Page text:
Mimesis Law
14 November 2019

When Situational Awareness Goes Wrong

Oct. 5, 2015 (Mimesis Law) — “Situational Awareness” is a crucial part of police work. PoliceOne, an infamous website for law enforcement officers, uses the Army Field Manual’s definition of “situational awareness,” in part, as “knowledge and understanding of the current situation which promotes timely, relevant and accurate assessment…in order to facilitate decision making.”

Officer Scott Hedrick of the Columbia, Missouri Police Department may need some brushing up on his “situational awareness” after putting a seventy year old man having a stroke in an arm bar.

An elderly man says after he lost control of his vehicle and struck a house, an off-duty police officer held him against his will while he suffered a mini-stroke.

James “Jim” Miller, 70, a grandfather and longtime realtor in Marshall, says around 6 o’clock Sunday night he was driving to a Wal-Mart when he suddenly felt dizzy and ill. According to a police report, Miller’s pickup veered off the road near south Hawthorne and Sunset and hit a house. In the report, an officer says there was a crack in the house and minor damage to the front left bumper of Miller’s truck.

A horrible incident, especially for Jim Miller. Strokes can be life threatening if not attended to promptly and properly. It’s a good thing the property and Miller’s vehicle only suffered minor damage. It didn’t help that Officer Hedrick decided to take the matter into his own hands and subdue a man who was in imminent medical peril.

A disoriented Miller says he couldn’t believe what happened next; an off-duty officer Scott Hedrick with the Columbia Police Department ran up to him, pulled him out of his vehicle, slammed him face down to the ground and held him down with his knee on his back and neck.

“I was leaning over a little bit and the next thing I know the door jerked open and he jerked me out,” recalled Miller.

Miller says he has a blocked artery on the right side of the his neck and repeatedly asked the officer, who was allegedly accusing Miller of being drunk, to remove his knee because he believed he was having a stroke.

“They thought I was some old drunk and everybody in this town knows who I am,” said Miller.

What exactly prompted this response from Officer Hedrick? We have no reports of the telltale “smell of alcohol” that permeates police reports for DUI cases. We don’t have a failed sobriety test. We have no blood analysis that suggests elevated alcohol levels. In fact, Jim Miller was cognizant enough to tell Officer Hedrick he believed he was having a stroke. Yet none of this mattered to Officer Hedrick; the First Rule of Policing kicked in, even while off-duty, and Jim Miller needed to be restrained for his safety and that of the public.

Miller and his family say the officer ignored Miller’s pleas and held him down until Marshall Police officers arrived.

“He had my arm twisted behind my back. I said it was hurting and he said ‘I’ll break your arm,’” Miller recalled.

I’m at a loss to understand why a threat of breaking an arm was needed for a man who was desperately pleading with an off-duty officer to help him in the middle of a medical emergency. I’m at a loss as to why a seventy-year old man needed to be restrained with that level of a threat and to such a degree of force in any situation.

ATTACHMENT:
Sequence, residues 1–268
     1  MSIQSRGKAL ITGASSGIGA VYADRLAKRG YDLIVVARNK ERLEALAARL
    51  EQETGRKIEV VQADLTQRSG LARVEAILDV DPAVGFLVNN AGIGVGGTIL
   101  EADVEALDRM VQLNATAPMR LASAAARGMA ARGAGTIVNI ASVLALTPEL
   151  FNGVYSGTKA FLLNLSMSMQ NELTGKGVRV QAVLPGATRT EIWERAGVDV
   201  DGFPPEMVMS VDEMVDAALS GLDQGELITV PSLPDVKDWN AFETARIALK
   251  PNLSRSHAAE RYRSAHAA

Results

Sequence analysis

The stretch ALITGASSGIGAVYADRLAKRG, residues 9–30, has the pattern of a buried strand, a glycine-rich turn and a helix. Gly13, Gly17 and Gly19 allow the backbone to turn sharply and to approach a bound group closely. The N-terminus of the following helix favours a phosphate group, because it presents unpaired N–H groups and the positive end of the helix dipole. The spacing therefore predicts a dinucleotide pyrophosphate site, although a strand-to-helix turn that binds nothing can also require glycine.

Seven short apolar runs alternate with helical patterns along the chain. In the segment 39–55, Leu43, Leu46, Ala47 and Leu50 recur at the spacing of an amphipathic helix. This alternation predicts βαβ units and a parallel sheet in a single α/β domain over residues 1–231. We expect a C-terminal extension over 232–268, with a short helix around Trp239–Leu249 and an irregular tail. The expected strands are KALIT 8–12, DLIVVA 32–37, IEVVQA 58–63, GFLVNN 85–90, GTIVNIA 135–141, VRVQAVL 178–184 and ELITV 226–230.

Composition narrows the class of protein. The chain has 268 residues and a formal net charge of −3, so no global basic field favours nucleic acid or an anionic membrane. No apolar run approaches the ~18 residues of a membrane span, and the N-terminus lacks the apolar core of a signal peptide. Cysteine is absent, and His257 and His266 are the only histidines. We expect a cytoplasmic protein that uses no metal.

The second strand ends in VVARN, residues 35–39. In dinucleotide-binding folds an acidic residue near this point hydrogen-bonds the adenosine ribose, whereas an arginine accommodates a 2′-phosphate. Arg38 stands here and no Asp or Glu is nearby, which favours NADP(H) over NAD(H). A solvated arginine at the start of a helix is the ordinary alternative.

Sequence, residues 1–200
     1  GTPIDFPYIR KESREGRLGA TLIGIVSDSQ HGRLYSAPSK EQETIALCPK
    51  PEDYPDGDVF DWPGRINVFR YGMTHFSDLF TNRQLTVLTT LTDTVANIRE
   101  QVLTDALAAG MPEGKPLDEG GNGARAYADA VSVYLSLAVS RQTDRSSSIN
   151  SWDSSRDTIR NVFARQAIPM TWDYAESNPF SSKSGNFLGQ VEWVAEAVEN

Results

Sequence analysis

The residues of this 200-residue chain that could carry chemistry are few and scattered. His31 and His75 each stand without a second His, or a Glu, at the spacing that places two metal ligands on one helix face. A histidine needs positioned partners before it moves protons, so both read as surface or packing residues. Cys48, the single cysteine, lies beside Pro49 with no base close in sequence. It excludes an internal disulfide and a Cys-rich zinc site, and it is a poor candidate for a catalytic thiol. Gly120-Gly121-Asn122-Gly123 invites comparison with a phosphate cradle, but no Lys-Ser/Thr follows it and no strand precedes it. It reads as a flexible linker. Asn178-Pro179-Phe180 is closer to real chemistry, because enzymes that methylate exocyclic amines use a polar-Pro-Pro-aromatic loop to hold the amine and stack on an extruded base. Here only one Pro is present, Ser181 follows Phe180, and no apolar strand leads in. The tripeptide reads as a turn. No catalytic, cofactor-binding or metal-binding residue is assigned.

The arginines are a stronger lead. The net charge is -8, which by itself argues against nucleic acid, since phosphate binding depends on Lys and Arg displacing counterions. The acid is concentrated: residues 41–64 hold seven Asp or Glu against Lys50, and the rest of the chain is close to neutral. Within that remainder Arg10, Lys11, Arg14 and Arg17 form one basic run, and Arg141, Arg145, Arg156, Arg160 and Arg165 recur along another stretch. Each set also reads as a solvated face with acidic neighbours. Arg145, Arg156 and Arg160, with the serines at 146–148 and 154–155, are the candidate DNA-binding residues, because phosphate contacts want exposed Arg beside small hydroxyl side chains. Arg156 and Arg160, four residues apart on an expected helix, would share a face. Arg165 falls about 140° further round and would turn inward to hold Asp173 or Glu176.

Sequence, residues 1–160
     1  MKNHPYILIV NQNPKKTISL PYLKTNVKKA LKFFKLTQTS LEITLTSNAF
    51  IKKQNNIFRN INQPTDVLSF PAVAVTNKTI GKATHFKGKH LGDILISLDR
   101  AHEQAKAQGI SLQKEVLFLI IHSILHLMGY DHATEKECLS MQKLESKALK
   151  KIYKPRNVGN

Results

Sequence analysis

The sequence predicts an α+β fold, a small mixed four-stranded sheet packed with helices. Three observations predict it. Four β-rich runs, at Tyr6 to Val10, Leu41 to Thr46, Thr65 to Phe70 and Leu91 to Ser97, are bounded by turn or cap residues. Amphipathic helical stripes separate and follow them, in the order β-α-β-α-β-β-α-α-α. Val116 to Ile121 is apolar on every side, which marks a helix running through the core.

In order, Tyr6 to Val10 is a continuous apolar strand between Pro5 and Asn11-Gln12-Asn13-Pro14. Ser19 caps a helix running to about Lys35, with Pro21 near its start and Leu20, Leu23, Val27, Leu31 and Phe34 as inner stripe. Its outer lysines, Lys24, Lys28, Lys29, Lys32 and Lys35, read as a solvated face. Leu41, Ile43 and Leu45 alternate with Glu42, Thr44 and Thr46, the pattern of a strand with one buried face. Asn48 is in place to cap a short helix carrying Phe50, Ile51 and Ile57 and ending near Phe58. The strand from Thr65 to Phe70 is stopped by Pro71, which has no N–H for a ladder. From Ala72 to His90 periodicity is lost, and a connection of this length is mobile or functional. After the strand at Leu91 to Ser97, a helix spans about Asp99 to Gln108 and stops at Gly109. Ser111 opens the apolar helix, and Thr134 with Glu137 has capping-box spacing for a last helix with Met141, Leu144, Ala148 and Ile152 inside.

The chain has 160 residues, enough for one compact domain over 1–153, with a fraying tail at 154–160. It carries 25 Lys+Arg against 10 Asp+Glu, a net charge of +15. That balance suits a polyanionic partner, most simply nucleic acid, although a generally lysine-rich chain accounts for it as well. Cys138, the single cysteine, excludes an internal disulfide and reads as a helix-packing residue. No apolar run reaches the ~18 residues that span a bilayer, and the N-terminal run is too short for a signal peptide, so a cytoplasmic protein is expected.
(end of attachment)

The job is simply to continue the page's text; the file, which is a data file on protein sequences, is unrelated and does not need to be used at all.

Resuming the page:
Fortunately, the officers who responded to the scene are more than happy to give us an explanation.

According to a police report, Sergeant Hedrick was attending a gathering at the home when he says Miller hit the house where Hedrick’s wife was standing. Hedrick told investigators he restrained Miller until cops arrived, because he says the elderly driver refused to get out of his truck after the accident.

We have minimal property damage, a police officer who is off duty, and a man sitting in a truck disoriented. The best excuse those writing the paperwork can come up with for Hedrick’s behavior is Miller refused to get out of the truck on command? Just how fast does a stroke victim need to comply with an allegedly lawful demand in order to avoid physical harm? The answer, from accounts by Columbia police, is “immediately, even if you’re experiencing a potentially life threatening situation.”

A Marshall police officer says when he got there Hedrick was restraining the elderly man on the ground.  The police report states the officer then handcuffed Miller, walked him to his patrol car and noticed that he was limping. Miller says after he hit the ground he suffered swelling under his left eye and a bruise on his right leg.

We call law enforcement “first responders” to crisis situations, because those first few minutes can save or take a life. As a result, “situational awareness” becomes a key component of the job description. One with the ability to injure and kill with the full blessing of the State should be able to distinguish between a diabetic attack, for example, and intoxication.

Yet more and more police continue to take their own “situational awareness” of a scene, apply the “criminal activity” filter in their brains, and act, as opposed to accurately assessing a scenario and responding accordingly. Lives can be threatened with each misstep, but we trust these men and women, and, as in the case of Jim Miler and Officer Scott Hedrick, we will often err on the side of the cop, because reasons.

This week, a spokeswoman for the Columbia Police Department announced that the department has decided not to investigate Hedrick for use of excessive force.  Of course they wouldn’t investigate him. Officer Hedrick’s “situational awareness” was just fine for their procedures.

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